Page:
Cohen has been under investigation since at least April, when the FBI raided his home and office.
Democrats immediately seized on the news to attack the president, as they look ahead to congressional elections in November where they hope to win back at least one chamber of Congress. And a number of Republicans also said the developments marked a significant turning point for Trump.
"It's a big day, it's a bad day," said John Dean, former White House counsel for Richard Nixon, on the implications of Cohen's plea on Trump and his presidency. "I think we've established today that we have a criminal president, and that is historic."
Aboard Air Force One en route to West Virginia, Trump watched Fox News coverage of the Manafort verdict and Cohen's plea, two people near him said.
They described the president as somber but calm, and added that he said nothing critical about Cohen or Manafort. One aide said that Trump is battle-tested at this point and knows how to deal with extreme stress.
But there was no joking around on Air Force One as there sometimes is.
People close to the president reassured him and shared ways to deal with fallout from double-barreled bad news. What Trump was most interested in: how it's all playing.
Aides were aware Tuesday was a very bad day and were relieved the president wasn't sitting in the White House residence tied to the television for the evening. His travel companions, Rep. Alex Mooney and Sen. Shelley Moore Capito, both of West Virginia, and Sen. Cory Gardner of Colorado, distracted him with conversation about legislative issues and other topics, the people added.
In West Virginia, he did a private roundtable, a photo line, then the re-election campaign rally, surrounded by people who were happy to see him.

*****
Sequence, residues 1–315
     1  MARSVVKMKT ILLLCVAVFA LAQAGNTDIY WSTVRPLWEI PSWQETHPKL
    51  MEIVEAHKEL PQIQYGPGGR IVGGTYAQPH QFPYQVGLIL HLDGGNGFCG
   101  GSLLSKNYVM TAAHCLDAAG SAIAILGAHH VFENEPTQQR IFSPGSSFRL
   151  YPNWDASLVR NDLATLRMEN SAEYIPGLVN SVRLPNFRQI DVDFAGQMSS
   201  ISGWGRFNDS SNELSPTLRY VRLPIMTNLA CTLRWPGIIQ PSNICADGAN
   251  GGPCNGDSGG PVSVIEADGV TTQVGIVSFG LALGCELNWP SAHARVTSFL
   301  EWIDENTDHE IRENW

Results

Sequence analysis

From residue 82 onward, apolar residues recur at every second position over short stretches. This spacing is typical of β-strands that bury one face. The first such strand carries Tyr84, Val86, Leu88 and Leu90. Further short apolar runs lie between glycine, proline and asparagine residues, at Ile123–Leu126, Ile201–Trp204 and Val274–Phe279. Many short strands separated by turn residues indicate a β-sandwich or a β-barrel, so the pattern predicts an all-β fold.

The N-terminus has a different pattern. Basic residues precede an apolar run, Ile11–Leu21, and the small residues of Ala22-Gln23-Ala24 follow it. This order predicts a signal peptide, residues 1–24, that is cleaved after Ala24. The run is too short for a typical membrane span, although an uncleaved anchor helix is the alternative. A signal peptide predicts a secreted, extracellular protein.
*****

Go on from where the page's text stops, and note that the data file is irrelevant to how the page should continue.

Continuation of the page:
Some of Trump's aides and allies were worried about the consequences of the day's events. Two of them expressed concern for the country. Two others said it is now likelier that Democrats will win the House in November.
"Today clarifies that November is a referendum on impeachment -- an up-or-down vote," Steve Bannon, Trump's former chief strategist, said. "Every Trump supporter needs to get with the program."
If Trump knew about the payments and that they were illegal, he could be charged with violating election law for accepting illegal payments and not disclosing them, said Paul S. Ryan, a campaign finance lawyer with Common Cause. Current Justice Department guidelines state that a sitting president cannot be indicted, and that any wrongdoing should be referred to Congress for impeachment proceedings. Those guidelines aren't binding.
After first denying knowledge of the payment, Trump admitted in May to reimbursing Cohen for a $130,000 payment made on the eve of the election to Daniels, the porn actress, although he denied the transaction had anything to do with the campaign or involved campaign funds. Trump was also heard on a 2016 recording made by Cohen that appears to show Trump was informed of the payments.
At nearly the same time in a Virginia courtroom, Manafort was found guilty on five counts of tax fraud, one count of failing to file a financial document with the government, and two counts of bank fraud. The jury couldn't reach a decision on the other 10 counts. He was accused of lying to tax authorities about his income and offshore tax accounts, failing to file reports about those accounts, and defrauding banks to get loans.
The case was the first brought by Mueller to go to trial and gives weight to his investigation. Mueller has charged 32 people and secured five guilty pleas.
"It's a witch hunt and it's a disgrace," Trump said Tuesday of the Manafort verdict. "This has nothing what they started out looking for -- Russians involved in our campaign, there were none." Trump declined to answer questions on Cohen.
- With assistance from Bloomberg's Margaret Talev, Erik Larson, Adam Haigh and Todd White.